Family Law Scholarship Goes to Court: Functional Parenthood and the Case of Debra H. v. Janice R.

Goldberg, Suzanne B.

A Partial Victory the decision in Debra H. v.\n Id.87 North Carolina's appellate court also applied the same basic features in Mason v. Dwinnell. Although it did not articulate a specific test, the court accorded a functional parent standing to seek custody, looking to (1) the couple's agreement to share in "all major decisions regarding their child"; (2) the functional parent's deliberate assumption of "emotional and financial care and support, guidance and decision-making" to the point of "equal participation"; and (3) the functional parent's "psychological parenting relationship" with the child.89 Thus while some states call mothers like Debra H. a de facto or psychological parent, some find that she stands in loco parentis or that exceptional circumstances warrant standing, and some prefer not to rely on strict terms or tests.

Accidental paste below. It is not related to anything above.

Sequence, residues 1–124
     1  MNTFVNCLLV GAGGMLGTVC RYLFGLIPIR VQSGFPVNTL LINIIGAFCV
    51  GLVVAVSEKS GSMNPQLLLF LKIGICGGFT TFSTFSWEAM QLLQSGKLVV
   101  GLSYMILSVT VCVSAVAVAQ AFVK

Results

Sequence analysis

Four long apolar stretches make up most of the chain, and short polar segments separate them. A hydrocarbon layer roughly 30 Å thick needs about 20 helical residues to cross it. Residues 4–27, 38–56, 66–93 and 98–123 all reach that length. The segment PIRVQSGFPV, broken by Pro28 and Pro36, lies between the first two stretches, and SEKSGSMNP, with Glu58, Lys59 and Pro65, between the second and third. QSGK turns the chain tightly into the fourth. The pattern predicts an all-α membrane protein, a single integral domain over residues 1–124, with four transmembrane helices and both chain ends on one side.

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Columbia Journal of Gender and the Law

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Columbia University, School of Law
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October 19, 2015